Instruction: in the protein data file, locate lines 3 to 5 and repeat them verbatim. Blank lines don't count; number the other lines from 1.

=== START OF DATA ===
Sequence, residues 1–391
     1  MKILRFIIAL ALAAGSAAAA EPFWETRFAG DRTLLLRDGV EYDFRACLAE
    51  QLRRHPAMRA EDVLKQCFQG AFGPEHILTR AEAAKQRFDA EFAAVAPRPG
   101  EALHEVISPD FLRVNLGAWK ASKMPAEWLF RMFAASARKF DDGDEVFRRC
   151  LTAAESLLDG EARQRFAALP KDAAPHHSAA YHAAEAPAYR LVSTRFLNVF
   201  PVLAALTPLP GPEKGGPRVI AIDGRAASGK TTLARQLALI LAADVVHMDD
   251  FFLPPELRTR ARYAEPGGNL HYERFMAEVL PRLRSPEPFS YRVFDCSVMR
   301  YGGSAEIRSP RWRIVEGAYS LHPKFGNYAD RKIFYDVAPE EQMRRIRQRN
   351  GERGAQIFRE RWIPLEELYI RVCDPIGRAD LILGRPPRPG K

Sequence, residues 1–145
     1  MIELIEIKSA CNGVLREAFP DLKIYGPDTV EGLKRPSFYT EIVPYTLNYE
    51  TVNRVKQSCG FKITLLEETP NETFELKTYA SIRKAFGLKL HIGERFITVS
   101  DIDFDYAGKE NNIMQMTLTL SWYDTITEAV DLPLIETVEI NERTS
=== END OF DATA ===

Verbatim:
    51  QLRRHPAMRA EDVLKQCFQG AFGPEHILTR AEAAKQRFDA EFAAVAPRPG
   101  EALHEVISPD FLRVNLGAWK ASKMPAEWLF RMFAASARKF DDGDEVFRRC
   151  LTAAESLLDG EARQRFAALP KDAAPHHSAA YHAAEAPAYR LVSTRFLNVF